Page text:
Road crews, shoppers spend Saturday preparing for snow storm

Snow preps (WISH Photo/ Nick Nebesny)

INDIANAPOLIS (WISH) – Hoosiers took Saturday to load up on the essentials on the eve of another large snow storm.

But while they rushed around Saturday, INDOT crews have been rushing around all week trying to get out in front of this system.

It’s tough to see with the naked eye, but all state highways and roads have been pre-treated with salt brine, a process that started several days ago. But the mad dash to grocery stores hit its peak between Friday and Satuday.

Weaving through the madness at a west side Kroger, it’s easy to see this wasn’t your average Saturday crowd.

“It’s usually not like this,” groaned shopper Kim Pennington.

Bare spots were forming in the bread and milk section, forcing workers to quickly restock the popular snowed-in groceries.

And according to some customers, the rush isn’t Mother Nature’s fault.

“It’s the news media. Everything, that’s all we hear is the storm is coming, the storm is coming,” joked Janice Read. “And so we’re prepared. We have water, we have bread, we have fruit. We’re good.”

Salt might not be on her list, but it’s the number one ingredient for keeping Indiana’s more than 30,000 highway lane miles from turning into ice rinks.

“When snow or ice starts to form it won’t stick to the pavement, therefore it’s kind of easy to push off,” Harry Maginity of INDOT.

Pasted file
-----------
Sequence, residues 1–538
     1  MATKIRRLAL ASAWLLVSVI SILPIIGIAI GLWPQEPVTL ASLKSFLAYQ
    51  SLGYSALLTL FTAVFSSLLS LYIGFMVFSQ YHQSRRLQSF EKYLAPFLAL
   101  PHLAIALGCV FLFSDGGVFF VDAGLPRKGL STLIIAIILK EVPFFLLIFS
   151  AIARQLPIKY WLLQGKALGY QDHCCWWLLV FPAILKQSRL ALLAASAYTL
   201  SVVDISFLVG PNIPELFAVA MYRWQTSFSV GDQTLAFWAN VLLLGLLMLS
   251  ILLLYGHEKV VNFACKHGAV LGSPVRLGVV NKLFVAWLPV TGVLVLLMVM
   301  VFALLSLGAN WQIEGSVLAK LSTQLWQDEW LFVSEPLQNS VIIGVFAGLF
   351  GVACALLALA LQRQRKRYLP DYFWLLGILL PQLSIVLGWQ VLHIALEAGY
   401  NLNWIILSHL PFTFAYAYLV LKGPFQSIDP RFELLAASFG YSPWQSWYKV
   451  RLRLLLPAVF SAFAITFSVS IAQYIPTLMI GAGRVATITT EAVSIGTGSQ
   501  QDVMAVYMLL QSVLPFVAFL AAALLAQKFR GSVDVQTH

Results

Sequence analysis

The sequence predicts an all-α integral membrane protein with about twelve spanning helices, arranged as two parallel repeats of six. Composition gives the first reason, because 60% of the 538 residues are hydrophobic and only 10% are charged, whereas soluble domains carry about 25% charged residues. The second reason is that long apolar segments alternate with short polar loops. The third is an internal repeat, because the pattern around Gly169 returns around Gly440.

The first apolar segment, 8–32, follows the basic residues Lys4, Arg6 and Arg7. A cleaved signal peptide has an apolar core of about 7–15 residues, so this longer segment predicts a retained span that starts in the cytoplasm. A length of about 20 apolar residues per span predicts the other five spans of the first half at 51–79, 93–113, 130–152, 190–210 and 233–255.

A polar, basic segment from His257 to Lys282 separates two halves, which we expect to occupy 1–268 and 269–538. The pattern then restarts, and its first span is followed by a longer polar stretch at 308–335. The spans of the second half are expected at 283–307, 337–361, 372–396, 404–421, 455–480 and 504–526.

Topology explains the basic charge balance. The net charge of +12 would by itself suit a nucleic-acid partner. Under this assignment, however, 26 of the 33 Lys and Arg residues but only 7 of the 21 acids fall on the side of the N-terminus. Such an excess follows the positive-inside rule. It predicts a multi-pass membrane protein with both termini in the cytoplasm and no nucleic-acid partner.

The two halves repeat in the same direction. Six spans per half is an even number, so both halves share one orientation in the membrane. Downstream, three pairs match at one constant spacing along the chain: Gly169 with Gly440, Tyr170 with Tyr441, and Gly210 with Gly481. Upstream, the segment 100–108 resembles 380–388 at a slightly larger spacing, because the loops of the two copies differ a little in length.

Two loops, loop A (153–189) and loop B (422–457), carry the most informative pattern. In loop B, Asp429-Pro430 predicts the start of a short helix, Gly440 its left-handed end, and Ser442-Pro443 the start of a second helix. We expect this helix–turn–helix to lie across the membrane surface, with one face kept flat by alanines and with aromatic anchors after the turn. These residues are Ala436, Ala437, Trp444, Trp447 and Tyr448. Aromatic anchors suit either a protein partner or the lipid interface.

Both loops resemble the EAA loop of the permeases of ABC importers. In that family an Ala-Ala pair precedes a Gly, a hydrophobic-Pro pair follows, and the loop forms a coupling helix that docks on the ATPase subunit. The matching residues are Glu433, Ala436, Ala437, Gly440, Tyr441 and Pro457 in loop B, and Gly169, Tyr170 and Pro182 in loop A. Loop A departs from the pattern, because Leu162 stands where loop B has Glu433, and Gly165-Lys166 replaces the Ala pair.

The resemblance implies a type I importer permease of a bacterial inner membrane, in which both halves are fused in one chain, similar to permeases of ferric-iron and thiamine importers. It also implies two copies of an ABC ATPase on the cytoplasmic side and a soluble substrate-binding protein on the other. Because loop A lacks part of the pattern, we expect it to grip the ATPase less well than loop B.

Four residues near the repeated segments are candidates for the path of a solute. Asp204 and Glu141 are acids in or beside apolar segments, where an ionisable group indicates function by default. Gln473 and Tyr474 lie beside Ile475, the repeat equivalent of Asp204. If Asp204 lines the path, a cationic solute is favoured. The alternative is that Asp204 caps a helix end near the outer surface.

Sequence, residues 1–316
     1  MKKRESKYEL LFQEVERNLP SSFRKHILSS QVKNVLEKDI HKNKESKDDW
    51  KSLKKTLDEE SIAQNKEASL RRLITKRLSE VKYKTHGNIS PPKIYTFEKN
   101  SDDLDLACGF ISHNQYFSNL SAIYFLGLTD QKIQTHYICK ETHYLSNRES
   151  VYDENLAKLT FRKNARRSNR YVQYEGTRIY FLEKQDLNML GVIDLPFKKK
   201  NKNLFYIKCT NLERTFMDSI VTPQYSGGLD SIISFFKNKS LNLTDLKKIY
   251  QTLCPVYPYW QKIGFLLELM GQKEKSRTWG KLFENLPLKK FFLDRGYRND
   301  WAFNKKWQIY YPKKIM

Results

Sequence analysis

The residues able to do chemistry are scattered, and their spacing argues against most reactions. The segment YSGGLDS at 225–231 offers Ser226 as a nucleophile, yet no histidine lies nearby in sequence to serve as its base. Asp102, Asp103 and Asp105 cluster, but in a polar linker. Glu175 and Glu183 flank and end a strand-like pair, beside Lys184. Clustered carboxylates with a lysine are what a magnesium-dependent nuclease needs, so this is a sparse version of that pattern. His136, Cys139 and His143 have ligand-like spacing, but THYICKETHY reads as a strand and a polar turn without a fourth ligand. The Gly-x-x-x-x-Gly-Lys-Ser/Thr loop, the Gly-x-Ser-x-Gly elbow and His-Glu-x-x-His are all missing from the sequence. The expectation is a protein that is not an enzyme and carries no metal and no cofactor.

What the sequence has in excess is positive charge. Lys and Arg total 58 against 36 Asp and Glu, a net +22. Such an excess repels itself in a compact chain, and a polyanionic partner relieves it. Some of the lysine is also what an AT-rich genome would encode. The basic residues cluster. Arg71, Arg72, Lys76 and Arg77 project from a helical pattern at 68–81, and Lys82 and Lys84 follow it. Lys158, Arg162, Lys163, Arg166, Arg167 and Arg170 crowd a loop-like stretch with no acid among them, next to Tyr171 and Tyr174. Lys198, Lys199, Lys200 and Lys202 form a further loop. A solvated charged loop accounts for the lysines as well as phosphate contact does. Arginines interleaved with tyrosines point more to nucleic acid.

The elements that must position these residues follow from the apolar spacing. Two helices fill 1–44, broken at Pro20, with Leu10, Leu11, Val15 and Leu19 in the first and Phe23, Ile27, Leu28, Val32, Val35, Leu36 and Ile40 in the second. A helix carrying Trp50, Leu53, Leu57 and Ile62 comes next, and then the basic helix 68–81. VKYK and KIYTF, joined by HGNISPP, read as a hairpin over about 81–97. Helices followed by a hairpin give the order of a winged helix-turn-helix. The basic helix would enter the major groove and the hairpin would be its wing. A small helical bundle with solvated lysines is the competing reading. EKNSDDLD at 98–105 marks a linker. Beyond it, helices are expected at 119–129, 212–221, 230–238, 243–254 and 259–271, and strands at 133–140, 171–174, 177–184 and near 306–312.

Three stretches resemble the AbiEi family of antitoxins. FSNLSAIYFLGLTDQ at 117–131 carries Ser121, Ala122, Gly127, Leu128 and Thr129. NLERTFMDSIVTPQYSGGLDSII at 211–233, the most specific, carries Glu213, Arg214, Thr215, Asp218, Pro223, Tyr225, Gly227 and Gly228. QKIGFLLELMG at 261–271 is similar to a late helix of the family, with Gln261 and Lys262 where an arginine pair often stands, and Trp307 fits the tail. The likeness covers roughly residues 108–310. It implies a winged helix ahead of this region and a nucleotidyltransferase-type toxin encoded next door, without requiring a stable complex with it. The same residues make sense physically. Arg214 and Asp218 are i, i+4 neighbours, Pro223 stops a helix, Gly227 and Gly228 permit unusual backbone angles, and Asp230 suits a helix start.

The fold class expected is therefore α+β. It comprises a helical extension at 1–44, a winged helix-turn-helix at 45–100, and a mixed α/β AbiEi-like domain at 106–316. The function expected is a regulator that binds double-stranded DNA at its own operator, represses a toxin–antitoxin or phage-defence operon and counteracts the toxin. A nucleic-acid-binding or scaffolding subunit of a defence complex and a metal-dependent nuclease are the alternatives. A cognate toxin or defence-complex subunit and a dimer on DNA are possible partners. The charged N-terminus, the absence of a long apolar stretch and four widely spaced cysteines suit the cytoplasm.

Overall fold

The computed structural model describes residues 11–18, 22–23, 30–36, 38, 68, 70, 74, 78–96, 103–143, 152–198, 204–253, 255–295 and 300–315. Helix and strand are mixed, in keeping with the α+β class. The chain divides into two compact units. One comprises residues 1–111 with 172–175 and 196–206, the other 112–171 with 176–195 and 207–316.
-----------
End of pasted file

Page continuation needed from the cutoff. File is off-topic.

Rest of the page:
We might want to see snow, but Maginity would actually prefer the white powder instead of the rain drops.

“If it has a wet front edge to the storm, we’re going to lose a lot of that pre-treatment and ice is something that is very difficult to deal with,” he said.

That same thought applies on the streets of Indy, where crews spent the morning pre-treating pavement as well.

Both departments thinking ahead, something Pennington wishes she would have done before loading up her cart.

“I will never get the hang of all this snow and going out with crazy people, ever,” she said.

Maginity says crews will hit the road around midnight in the southern part of the state, closer to Louisville. That’s also where he’s more worried about those rain chances washing out the salt brine on the roads. provides commenting to allow for constructive discussion on the stories we cover. In order to comment here, you acknowledge you have read and agreed to our Terms of Service. Commenters who violate these terms, including use of vulgar language or racial slurs, will be banned. Please be respectful of the opinions of others and keep the conversation on topic and civil. If you see an inappropriate comment, please flag it for our moderators to review.

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